By helping to re-inflate the stock market after the crash, central banks have actually created a two-speed recovery. The wealthy quickly recovered and then subsequently increased their wealth as many stocks doubled in value. But people beyond the top of the distribution, who depend on real estate value and jobs for their wealth, have remained relatively stagnant. This is why the the vast majority of the population have not felt many tangible benefits of the so called “recovery” since 2013. Robert Reich, a former labor secretary under President Clinton and a notable wealth inequality commentator summed up this development in pessimistic terms in a recent speech – “Most Americans haven’t felt they’ve been in a recovery, because they haven’t received any of the economic gains — all of which have gone to the top 1 percent. This is the first recovery since World War II in which the median household is worse off than it was at the start.” (Reich, 2015)

The gains of the recovery going to the very wealthy have also been harmful from an overall economic standpoint. As the richest of the rich see their fortunes soar, they re-invest and seek to grow their vast wealth through various financial instruments such as stock portfolios. This activity certainly benefits a very miniscule cohort of investment bankers but does very little for the wider economy. On the other hand, the ‘average Joe’ has seen his purchasing power continuously fall due to a combination of lower and middle range wages remaining stagnant and also higher levels of inflation induced by QE. These outcomes coupled with the highest private debt levels in history has discouraged buyer activity. Remember that it’s everyday consumer spending that ultimately drives the economy and the lifeblood of almost all SMEs. Put it like this, no matter how rich entrepreneurs likes of Mark Zuckerberg become, they still only need to buy one microwave or one fridge etc. There is no doubt that the persistently stalled economic growth rates since 2008 have been exacerbated by the struggle of the middle class.

Among economists QE has been, in general, positively received. There is no doubt that from a purely macro-economic point of view, it has been successful in helping to stave off a deep depression. It has directly impacted on a strong, prolonged period of gains on the majority of the main world stock markets. The NYSE is in the midst of a bull market that has lasted 79 months for example. Unfortunately, the distributional element of the argument is less rosy. The Nobel prize winning Joseph Stiglitz has been one of the few academics to draw attention to this, stating that contrary to the past “where lower interest rates favored debtors over creditors and thus increased equality, today lower interest rates, combined with central bank intervention have actually increased inequality.” (Stiglitz, 2015)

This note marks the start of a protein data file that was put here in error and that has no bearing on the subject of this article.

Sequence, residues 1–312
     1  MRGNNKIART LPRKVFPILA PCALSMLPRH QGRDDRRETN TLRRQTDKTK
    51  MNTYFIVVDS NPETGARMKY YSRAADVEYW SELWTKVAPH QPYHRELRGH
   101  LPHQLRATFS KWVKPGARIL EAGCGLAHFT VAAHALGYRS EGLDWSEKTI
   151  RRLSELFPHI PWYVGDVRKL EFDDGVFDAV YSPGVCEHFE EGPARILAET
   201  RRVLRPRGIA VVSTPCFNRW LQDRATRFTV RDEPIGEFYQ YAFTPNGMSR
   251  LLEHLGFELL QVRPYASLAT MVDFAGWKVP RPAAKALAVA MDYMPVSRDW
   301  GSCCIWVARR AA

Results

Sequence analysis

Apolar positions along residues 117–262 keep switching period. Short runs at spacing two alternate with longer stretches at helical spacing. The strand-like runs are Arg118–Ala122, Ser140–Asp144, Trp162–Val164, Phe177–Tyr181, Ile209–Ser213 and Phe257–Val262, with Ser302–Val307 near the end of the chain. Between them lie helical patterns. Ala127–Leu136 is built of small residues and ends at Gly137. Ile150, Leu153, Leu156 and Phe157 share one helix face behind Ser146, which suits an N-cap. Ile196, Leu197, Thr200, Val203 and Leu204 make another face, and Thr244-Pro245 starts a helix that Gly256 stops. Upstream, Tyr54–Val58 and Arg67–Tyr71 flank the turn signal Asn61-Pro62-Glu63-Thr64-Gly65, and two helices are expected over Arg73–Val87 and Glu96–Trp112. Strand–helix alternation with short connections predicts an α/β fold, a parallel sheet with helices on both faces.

In conclusion, there is considerable evidence pointing to the correlation between QE and growing wealth inequality, particularly in terms of capital wealth. Central bank intervention has led to a record breaking increase in the stock market but this has generally benefitted a small group at the top. Left unchecked, is this gap destined to grow infinitely so long as the holdings of equities and other beneficiary assets is so concentrated among such a small percentage of society? The recent evidence would suggest so. Is QE an unsustainable growth policy built on foundations of debt or is it simply another tool for the rich to enhance their wealth? Either way, for average Joe, the outlook is grim.

Jack is a final year Bachelor of Commerce Student. He has taken  ‘Capitalism and Democracy’ at UCD School of Politics as an elective module and hopes to continue his studies next year by completing a masters of Finance degree. His main areas of interest are wealth inequality and demographic development. He also writes his own current affairs blog which can be found at



Khan, M 2015, ‘Economics explainer : What is Quantitative Easing?’ The Telegraph, 22 January. Available at: [22 January 2015]

Evans-Pritchard, A 2015, ‘Central bank prophet fears QE warfare pushing world financial system out of control’ The Telegraph, 20 January. Available at : [21 January 2015]

Frank, R. (2012) Does Quantitative Easing Mainly Help the Rich? Available at : [accessed October 22 2015]

Bank of England (2012) ‘The Distributional Effects of Asset Purchases’ . London. Available at : [accessed 23 October 2015]

Federal Reserve (2014) ‘Changes in U.S. Family Finances from 2010 to 2013: Evidence from the Survey of Consumer Finances’. Washington DC (Federal Reserve Bulletin Volume 100, no. 4). Available at : [accessed 25 October 2015]

Reich, R (2015) Boston, Robert Reich. 23 October. Available at : [Accessed 25 October 2015]

Stiglitz, J (2015), ‘New Theoretical Perspectives on the Distribution of Income and Wealth among Individuals: Part IV: Land and Credit’. Washington DC (National Bureau of Economic Research, working paper 21192). Available at : [accessed 24 October 2015]

Karunakar, R (2015), ‘Euro zone bank lending sluggish despite tsunami of QE and cheap cash’. Reuters, 27 October. Available at [accessed 28 October 2015]